5,000 people seeking refuge in this church were killed by grenade, machete, rifle, or burnt alive
Because of the chaotic situation, there is no consensus on the number of people killed between April 6 and mid-July. Unlike the genocides carried out by Nazi Germany and the Khmer Rouge in Cambodia, authorities made no attempts to record deaths. The succeeding RPF government has stated that 1,071,000 were killed, 10% of whom were Hutu. The journalist Philip Gourevitch agrees with an estimate of one million, while the UN estimates the toll as 800,000. Alex de Waal and Rakiya Omar of African Rights estimate the number as "around 750,000," while Alison Des Forges of Human Rights Watch states that it was "at least 500,000." James Smith of Aegis Trust notes, "What's important to remember is that there was a genocide. There was an attempt to eliminate Tutsis – men, women, and children – and to erase any memory of their existence." 
Out of a population of 7.3 million people–84% of whom were Hutu, 15% Tutsi and 1% Twa–the official figures published by the Rwandan government estimated the number of victims of the genocide to be 1,174,000 in 100 days (10,000 murdered every day, 400 every hour, 7 every minute). It is estimated that about 300,000 Tutsi survived the genocide. Thousands of widows, many of whom were subjected to rape, are now HIV-positive. There were about 400,000 orphans and nearly 85,000 of them were forced to become heads of families.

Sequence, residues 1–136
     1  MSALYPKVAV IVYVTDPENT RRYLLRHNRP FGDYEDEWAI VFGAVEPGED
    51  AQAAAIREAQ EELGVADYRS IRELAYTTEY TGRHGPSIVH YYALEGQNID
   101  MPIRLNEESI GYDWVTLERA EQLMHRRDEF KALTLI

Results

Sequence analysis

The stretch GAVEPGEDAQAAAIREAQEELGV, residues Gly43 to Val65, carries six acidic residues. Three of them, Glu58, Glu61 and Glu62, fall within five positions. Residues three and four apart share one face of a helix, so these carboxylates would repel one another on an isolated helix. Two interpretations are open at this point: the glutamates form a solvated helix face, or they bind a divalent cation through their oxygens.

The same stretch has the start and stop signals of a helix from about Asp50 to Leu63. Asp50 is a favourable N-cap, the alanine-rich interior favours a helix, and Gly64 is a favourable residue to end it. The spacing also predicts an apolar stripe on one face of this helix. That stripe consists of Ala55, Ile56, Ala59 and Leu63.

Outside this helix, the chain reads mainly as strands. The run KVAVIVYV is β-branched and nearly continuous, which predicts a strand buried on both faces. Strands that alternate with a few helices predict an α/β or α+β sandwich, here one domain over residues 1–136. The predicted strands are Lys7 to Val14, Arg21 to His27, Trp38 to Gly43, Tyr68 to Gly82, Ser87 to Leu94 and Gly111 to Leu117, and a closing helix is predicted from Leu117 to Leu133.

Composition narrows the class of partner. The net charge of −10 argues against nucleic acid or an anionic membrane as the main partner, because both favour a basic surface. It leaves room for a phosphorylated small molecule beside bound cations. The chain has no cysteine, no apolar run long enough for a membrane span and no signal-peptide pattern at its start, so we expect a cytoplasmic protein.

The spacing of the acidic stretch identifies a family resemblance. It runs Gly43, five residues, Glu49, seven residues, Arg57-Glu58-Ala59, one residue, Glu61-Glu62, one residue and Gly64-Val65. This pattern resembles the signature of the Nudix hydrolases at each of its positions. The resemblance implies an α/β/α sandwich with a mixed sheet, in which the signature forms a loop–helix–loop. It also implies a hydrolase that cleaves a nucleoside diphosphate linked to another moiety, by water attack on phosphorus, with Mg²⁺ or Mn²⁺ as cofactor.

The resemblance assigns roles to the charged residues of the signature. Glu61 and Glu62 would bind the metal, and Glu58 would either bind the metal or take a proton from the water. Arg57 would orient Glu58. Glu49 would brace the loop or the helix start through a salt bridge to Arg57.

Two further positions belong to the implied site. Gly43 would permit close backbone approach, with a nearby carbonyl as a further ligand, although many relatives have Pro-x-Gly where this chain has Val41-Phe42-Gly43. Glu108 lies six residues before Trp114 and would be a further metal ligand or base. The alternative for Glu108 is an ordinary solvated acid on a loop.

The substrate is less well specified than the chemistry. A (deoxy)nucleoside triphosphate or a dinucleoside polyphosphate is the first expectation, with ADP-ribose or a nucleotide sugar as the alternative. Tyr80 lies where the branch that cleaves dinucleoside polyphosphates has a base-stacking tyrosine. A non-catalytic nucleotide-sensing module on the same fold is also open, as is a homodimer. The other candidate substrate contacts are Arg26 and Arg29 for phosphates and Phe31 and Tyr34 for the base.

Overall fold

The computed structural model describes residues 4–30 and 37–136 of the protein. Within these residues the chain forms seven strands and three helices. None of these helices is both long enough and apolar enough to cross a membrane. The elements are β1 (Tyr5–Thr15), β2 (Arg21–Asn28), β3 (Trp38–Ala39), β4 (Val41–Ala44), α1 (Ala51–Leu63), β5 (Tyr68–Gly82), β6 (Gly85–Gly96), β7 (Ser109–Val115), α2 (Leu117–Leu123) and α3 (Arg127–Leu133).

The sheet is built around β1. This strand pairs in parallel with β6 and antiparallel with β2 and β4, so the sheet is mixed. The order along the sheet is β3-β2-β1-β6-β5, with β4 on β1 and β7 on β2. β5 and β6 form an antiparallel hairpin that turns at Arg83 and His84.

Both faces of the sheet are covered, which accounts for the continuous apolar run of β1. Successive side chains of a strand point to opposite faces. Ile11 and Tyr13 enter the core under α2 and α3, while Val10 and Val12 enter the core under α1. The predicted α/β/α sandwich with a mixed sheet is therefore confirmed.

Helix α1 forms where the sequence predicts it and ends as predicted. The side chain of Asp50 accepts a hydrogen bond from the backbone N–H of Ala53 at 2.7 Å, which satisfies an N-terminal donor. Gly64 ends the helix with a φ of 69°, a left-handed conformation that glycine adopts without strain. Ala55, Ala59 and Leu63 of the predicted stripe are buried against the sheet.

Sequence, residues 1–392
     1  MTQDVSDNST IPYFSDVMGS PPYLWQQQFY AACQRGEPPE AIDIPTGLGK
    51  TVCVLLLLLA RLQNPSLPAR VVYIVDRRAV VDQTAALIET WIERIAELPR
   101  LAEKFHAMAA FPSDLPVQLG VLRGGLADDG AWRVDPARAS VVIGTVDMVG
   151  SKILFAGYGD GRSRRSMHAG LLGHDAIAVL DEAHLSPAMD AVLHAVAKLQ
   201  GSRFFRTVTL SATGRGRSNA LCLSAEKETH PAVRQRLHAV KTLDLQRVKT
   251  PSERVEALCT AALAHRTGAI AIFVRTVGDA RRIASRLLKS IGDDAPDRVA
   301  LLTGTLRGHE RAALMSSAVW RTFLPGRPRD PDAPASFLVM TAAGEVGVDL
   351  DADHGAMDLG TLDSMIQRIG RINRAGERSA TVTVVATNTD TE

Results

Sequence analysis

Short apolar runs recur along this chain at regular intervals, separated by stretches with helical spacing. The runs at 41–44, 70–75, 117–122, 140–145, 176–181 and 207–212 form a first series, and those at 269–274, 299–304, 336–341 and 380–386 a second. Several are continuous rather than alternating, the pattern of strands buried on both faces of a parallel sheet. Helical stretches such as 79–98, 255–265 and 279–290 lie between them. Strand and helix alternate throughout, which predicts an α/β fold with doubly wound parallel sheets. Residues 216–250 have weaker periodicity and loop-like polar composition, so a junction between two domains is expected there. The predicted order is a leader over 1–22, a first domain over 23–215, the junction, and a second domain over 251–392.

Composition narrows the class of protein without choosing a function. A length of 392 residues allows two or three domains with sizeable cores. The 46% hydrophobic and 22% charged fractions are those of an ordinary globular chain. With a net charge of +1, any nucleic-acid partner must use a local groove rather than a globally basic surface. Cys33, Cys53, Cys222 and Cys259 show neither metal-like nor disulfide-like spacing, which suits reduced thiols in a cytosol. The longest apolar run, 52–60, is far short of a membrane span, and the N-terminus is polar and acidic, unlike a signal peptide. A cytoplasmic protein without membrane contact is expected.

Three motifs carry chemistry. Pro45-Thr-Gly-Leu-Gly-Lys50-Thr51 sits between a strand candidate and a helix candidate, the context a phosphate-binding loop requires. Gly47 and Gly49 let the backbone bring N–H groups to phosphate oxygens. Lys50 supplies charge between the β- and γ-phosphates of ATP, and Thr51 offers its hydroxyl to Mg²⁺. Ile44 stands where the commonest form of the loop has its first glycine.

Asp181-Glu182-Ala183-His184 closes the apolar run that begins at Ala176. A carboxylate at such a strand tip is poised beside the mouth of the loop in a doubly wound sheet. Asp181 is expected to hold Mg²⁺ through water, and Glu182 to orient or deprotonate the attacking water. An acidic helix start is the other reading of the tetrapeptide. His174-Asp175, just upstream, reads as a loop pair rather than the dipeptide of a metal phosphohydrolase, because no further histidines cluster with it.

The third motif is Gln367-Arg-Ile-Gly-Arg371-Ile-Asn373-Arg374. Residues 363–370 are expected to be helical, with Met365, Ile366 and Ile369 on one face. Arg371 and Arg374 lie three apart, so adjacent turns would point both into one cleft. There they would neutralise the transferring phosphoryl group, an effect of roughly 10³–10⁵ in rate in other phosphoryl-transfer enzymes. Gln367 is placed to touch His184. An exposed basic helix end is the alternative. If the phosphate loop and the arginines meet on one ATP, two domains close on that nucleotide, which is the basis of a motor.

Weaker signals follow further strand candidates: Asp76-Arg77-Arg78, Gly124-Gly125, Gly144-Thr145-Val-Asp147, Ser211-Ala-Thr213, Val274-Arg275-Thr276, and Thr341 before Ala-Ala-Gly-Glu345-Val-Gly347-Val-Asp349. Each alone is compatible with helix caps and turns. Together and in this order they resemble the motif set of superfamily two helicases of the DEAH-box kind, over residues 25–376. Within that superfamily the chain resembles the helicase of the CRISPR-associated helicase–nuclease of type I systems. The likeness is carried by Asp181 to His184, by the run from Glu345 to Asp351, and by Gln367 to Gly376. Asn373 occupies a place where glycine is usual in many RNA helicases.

Several individuals were active in attempting to halt the Rwandan genocide, or to shelter vulnerable Tutsi, as it was taking place. Among them there are Romeo Dallaire (Lieutenant-General of UNAMIR), Pierantonio Costa (Italian diplomat who rescued many lives), Antonia Locatelli (Italian volunteer who tried to save 300 or 400 Tutsis by calling officials in the international community and was later murdered by the Interahamwe), Jacqueline Mukansonera (Hutu woman who saved a Tutsi during the genocide), Paul Rusesabagina (Academy Award nominated film Hotel Rwanda is based on his story), Carl Wilkens (only American who chose to remain in Rwanda during the genocide), André Sibomana (Hutu priest and journalist who saved many lives) and Captain Mbaye Diagne (Senegalese army officer of UNAMIR who saved many lives before he was killed).